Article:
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Driving Under the Influence of Marijuana in Colorado

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THC/DUI Bill Hearing on Thursday (3/10)

House Judiciary Committee Hearing on HB 1261
DATE: Thurs., March 10, 2011
LOCATION: Hearing Room 0107, basement, state Capitol Building, 200 E.
Colfax, Denver, CO (Note, this room only seats about 40 people so arrive
early. There are 3 other bills on the agenda before the DUI bill.)
TIME: 1:30pm

Capitol Bill Room (for last minute changes): (303) 866-3055

Attire: Dress to Impress
Provisions: Bring food and water, as the hearing may last a while.

Sign up on CTI’s email list for updates:
http://www.CannabisTherapyInstitute.com

LISTEN LIVE ONLINE
You listen online to the House Judiciary ommittee hearing:
http://www.coloradochannel.net/

BACKGROUND
HB1261 would declare that anyone found driving with 5 nanogram/milliliters
or more of THC in their bloodstream would be guilty of “DUI per se” and
subject to a misdemeanor offense and the possible revocation of their
driver’s license. Click here for more info:
http://www.cannabistherapyinstitute.com/bills/dui/

FROM ATTORNEY LAUREN DAVIS:
On Thursday, March 10, the House Judiciary Committee will hold a Hearing on
HB 11-1261, the DUI/THC bill. Rep. Claire Levy has sponsored a bill that
will set a per se 5 ng/mL limit on THC in the bloodstream. This means that
if you get pulled over and are suspected of driving under the influence, if
blood or urine tests show your THC levels are above 5 ng, you essentially
will have NO defense to the charge of driving while impaired. The DA will
not have to show your driving was poor or impaired to “even he slightest
degree.” The law will put the burden on you to overcome that presumption –
a battle you will lose.

This bill is EXTREMELY problematic for many practical reasons. There is NO
research showing that 5 ng/ML of THC corresponds to any impairment in
drivers (unlike with alcohol BAC, where numerous studies have shown that
drivers demonstrate impairment at .05.) In fact, most studies have not
been able to show any correlation between THC and driving impairment, even
at significantly higher levels of THC ingestion.

Moreover, some jurisdictions contract with private labs to test your THC
levels, and these labs consistently over-report and incorrectly report THC
levels. The criminal defense bar has tried to remedy this with no avail.
Under this bill, these labs will be inundated with testing and will likely
provide even less accurate results. I have a client who spent tens of
thousands of dollars to defend himself against an erroneous DUID charge –
the labs results were GROSSLY in error. After spending thousands of dollars
paying a private lab to re-test the THC levels, we proved he had no THC in
his blood. Can you afford to do spend that?

Please show up to speak against this bill. Being convicted of a DUID
(driving under the influence of drugs) will have HORRIBLE life-long and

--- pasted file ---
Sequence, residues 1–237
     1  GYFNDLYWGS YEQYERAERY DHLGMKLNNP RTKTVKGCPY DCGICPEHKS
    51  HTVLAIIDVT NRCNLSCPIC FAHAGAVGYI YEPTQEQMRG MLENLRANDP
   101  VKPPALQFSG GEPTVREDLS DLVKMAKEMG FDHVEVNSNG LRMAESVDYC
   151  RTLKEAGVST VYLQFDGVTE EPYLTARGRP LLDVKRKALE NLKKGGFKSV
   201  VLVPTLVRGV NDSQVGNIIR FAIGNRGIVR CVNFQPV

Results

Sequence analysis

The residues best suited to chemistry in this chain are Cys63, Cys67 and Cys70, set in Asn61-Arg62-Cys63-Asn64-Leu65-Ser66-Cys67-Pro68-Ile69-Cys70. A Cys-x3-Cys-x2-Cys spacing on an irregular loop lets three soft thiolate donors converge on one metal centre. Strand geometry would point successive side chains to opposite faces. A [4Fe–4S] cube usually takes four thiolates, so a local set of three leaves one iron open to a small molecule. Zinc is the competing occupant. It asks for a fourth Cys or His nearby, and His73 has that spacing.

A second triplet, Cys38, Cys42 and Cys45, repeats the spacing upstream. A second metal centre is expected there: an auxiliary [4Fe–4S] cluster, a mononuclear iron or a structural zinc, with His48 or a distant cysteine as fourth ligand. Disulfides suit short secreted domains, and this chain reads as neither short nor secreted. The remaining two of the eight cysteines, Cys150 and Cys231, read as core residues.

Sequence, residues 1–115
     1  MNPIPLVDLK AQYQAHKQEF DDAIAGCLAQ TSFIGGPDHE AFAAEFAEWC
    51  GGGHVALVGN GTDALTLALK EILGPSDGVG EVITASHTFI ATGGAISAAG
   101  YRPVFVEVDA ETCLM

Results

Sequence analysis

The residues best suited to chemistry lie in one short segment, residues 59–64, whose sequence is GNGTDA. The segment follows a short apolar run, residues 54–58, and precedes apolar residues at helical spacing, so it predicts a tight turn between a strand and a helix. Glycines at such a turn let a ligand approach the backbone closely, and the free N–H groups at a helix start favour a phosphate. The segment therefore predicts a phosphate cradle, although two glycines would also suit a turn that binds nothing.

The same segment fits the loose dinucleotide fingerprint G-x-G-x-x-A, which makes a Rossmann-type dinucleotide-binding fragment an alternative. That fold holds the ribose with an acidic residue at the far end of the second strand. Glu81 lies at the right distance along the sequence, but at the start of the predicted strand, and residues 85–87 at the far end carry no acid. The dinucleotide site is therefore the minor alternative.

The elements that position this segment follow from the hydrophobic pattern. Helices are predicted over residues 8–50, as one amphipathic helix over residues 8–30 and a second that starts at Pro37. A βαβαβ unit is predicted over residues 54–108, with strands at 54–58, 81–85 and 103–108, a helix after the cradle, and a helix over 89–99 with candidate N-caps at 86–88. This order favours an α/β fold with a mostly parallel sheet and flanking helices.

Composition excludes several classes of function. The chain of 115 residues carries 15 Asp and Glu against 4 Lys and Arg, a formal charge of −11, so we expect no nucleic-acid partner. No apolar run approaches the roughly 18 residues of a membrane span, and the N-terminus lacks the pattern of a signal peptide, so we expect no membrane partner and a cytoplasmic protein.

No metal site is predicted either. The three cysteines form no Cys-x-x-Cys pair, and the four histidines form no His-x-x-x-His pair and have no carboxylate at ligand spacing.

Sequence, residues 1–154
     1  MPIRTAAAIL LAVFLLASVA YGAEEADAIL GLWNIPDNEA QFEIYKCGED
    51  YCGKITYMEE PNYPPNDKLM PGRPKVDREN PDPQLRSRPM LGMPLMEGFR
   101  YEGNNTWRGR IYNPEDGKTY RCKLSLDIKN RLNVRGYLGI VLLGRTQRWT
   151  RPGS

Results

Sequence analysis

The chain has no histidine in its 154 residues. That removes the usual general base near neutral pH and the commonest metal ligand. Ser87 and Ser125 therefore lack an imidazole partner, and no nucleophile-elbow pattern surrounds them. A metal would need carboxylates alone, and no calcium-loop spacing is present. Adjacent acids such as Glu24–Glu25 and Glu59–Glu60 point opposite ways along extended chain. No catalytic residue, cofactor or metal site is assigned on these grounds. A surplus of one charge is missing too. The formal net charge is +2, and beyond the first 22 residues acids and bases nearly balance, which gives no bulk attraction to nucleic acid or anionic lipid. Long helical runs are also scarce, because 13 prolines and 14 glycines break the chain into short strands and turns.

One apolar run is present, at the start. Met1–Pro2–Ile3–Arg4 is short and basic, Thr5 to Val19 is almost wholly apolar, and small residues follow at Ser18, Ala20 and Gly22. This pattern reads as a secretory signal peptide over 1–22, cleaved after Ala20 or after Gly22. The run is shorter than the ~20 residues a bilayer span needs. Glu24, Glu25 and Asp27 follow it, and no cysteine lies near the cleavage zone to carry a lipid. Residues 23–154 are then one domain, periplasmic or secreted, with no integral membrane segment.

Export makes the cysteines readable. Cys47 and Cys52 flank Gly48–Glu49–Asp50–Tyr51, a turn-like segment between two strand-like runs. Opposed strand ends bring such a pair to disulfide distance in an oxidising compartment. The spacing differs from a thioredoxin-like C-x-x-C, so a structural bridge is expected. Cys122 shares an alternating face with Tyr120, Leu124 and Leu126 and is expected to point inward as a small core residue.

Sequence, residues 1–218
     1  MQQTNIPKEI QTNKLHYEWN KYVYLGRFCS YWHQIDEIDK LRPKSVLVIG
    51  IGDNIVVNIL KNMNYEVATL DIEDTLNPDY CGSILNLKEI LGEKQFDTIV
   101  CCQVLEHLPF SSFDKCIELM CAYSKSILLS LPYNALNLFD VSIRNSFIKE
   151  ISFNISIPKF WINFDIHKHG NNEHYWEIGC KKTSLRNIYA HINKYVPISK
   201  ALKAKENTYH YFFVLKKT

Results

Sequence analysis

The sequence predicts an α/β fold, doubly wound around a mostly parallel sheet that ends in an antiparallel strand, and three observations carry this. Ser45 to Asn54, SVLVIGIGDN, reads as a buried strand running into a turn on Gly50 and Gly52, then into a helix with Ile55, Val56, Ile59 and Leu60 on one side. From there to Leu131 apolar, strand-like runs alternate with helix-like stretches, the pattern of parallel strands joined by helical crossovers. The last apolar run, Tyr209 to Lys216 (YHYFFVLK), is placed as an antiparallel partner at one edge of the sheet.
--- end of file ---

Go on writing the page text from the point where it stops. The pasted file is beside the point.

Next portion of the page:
life-altering consequences for you. Not only will you automatically lose
your driver’s license for up to a year, you will be subject to higher
insurance premiums for life; you also could lose your health insurance,
your professional license, your job, not be able to travel to many foreign
countries (including Canada) and much more.

And, most importantly, in many jurisdictions in CO, you will no longer be
able to use your physician recommended medical marijuana once you are
convicted. No matter what your medical need, a Judge will have the
authority to tell you you cannot medicate with THC. And despite multiple
attorneys’ attempts to appeal this issue to a higher court, the Court of
Appeals refuses to review this probation requirement.

It is essential that we get the legislature to VOTE NO on this bill.
Please pull out all stops to make your voice heard.

Lauren C. Davis
Attorney At Law
600 17th St., Suite 2800
Denver, CO 80202
303-634-2268
———————————————–
CALL AND EMAIL HOUSE JUDICIARY COMMITTEE

Sample letter to House Judiciary Committee

Please vote no on HB1261 and do more research on the bill to set a nanogram
limit on cannabis. There is no evidence showing a link between THC blood
concentration and impairment. Other drugs that impair people, like
oxycontin, do not have nanogram limits. This bill is unfair to medical
marijuana patients and will force patients back on prescription medications
that do not have nanogram levels and are not routinely tested for by the
police. Please at least include an exemption for medical marijuana
patients.

COPY AND PASTE EMAILS:
bob.gardner.house@state.co.us, mark.barker.house@state.co.us,
brian@briandelgrosso.com,
crisanta.duran.house@state.co.us,repkagan@gmail.com,
pete.lee.house@state.co.us, claire.levy.house@state.co.us,
rep.nikkel@gmail.com, su.ryden.house@state.co.us,
jerry.sonnenberg.house@state.co.us, mark.waller.house@state.co.us,
info@cannabistherapyinstitute.com

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Johnny Green

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